Executive compensation matters

See Part 3 – “Named Executive Officer compensation” for more information.

Business performance
During fiscal year 2015, we continued to refine our strategic focus, further streamlined our business, and achieved solid growth as we made progress in our ambition to be the productivity and platform company for a mobile-first and cloud-first world. We delivered innovation and remained disciplined in managing our operating expenses.
  • Revenue was $93.6 billion, an increase of 8% from the prior fiscal year.

  • Operating expenses, excluding impairment, integration and restructuring costs, grew only 2%.

  • Returned $23.3 billion to shareholders through dividends and stock buybacks, an increase of 48%.


Our efforts to reduce our headcount and restructure our phone business unfavorably affected our profitability for the year, as evidenced by:
  • $18.2 billion in operating income, a decrease of 35%.

  • $1.48 diluted earnings per share, a decrease of 44%.


Excluding the impact of impairment, integration, and restructuring costs, our full year operating income and diluted earnings per share would have been $28.2 billion and $2.63, respectively, which were comparable to the prior year.¹

Other significant accomplishments during fiscal year 2015 included:
  • Commercial Cloud revenue grew 106%, reaching an annualized revenue run rate of over $8 billion.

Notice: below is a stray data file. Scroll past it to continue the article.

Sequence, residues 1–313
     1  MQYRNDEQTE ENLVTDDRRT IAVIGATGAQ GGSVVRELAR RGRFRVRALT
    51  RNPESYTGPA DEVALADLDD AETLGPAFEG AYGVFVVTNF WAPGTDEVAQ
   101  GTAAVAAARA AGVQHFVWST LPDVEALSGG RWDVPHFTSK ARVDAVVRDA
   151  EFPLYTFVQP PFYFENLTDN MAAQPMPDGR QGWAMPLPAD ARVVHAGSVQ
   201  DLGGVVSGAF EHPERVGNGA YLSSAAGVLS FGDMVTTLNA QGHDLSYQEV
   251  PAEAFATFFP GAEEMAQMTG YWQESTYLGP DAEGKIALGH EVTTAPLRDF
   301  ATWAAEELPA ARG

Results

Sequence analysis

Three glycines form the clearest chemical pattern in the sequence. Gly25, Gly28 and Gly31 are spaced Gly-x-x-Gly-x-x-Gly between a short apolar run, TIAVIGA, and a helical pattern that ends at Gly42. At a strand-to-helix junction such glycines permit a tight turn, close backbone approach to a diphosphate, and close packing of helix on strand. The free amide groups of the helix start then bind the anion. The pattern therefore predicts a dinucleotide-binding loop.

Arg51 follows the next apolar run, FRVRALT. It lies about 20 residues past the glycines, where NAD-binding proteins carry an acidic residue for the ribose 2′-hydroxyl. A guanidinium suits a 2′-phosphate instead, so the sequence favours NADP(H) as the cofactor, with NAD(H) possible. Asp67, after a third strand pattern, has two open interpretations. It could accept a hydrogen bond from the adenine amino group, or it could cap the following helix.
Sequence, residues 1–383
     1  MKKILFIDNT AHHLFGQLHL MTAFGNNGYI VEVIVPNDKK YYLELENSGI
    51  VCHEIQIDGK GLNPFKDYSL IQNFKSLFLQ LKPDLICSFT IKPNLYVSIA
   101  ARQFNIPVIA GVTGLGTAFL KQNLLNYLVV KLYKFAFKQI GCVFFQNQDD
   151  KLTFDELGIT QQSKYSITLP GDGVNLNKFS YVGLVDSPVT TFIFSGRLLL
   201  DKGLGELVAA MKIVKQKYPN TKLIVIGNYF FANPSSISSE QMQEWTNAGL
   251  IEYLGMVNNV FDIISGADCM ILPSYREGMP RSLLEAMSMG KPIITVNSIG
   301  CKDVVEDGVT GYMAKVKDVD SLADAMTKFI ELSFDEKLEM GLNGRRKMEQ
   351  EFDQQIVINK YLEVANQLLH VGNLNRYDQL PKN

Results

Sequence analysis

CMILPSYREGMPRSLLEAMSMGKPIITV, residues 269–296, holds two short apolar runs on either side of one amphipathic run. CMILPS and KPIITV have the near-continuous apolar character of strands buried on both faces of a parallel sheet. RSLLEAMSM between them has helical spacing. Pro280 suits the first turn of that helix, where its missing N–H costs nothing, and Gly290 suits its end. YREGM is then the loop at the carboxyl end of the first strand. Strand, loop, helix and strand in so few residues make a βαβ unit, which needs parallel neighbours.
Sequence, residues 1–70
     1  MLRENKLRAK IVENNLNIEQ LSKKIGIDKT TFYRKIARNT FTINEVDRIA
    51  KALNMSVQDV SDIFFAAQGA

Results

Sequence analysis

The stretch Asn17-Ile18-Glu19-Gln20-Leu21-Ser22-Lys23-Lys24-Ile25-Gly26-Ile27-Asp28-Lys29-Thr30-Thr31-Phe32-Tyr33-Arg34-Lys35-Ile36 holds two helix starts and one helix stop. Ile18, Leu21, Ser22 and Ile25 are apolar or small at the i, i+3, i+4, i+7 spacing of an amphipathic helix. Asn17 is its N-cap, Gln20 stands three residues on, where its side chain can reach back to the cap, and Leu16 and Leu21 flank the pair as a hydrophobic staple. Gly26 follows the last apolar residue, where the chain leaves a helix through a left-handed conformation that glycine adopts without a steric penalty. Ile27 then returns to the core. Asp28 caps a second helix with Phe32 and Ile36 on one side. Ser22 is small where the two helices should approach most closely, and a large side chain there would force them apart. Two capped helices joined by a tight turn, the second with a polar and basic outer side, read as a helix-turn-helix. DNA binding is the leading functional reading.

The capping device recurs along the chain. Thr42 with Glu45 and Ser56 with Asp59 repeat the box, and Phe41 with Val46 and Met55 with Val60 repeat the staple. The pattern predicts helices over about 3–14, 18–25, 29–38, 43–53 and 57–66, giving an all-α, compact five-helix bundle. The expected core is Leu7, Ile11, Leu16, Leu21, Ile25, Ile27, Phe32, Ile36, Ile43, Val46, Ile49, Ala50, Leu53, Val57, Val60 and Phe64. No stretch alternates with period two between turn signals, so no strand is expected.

• Delivered Office mobile on iOS and Android, surpassing 150 million downloads.

  • Completed the development and testing that led to the successful release of Windows 10 on July 29, 2015, now with over 110 million active Windows 10 devices.

  • Increased Azure revenue and compute usage over 100% in the fourth quarter year-over-year.

  • Bing surpassed 20% U.S. search market share, and search advertising revenue grew 22%.

  • Sold over 12 million Xbox consoles, and increased Xbox Live users 22%.

  • Office 365 consumer subscribers grew to over 15 million, with users growing at nearly 1 million per month by the end of the fiscal year.

  • Delivered total shareholder return of 8.67%.


(1) See Annex A for a reconciliation of non-GAAP and GAAP measures presented.

Note about forward-looking statements
This Proxy Statement includes estimates, projections and statements relating to our business plans, objectives and expected operating results that are “forward-looking statements” within the meaning of the Private Securities Litigation Reform Act of 1995, Section 27A of the Securities Act of 1933 and Section 21E of the Securities Exchange Act of 1934. Forward-looking statements may appear throughout this report, including this Proxy Summary and Part 3 – “Named Executive Officer compensation.” These forward-looking statements generally are identified by the words “believe,” “project,” “expect,” “anticipate,” “estimate,” “intend,” “strategy,” “future,” “opportunity,” “plan,” “may,” “should,” “will,” “would,” “will be,” “will continue,” “will likely result,” and similar expressions. Forward-looking statements are based on current expectations and assumptions that are subject to risks and uncertainties thatmay cause actual results to differ materially. We describe risks and uncertainties that could cause actual results and events to differ materially in Risk Factors,” “Quantitative and Qualitative Disclosures about Market Risk,” and “Management’s Discussion and Analysis sections of our Forms 10-K and 10-Q. We undertake no obligation to update or revise publicly any forward-looking statements, whether because of new information, future events, or otherwise.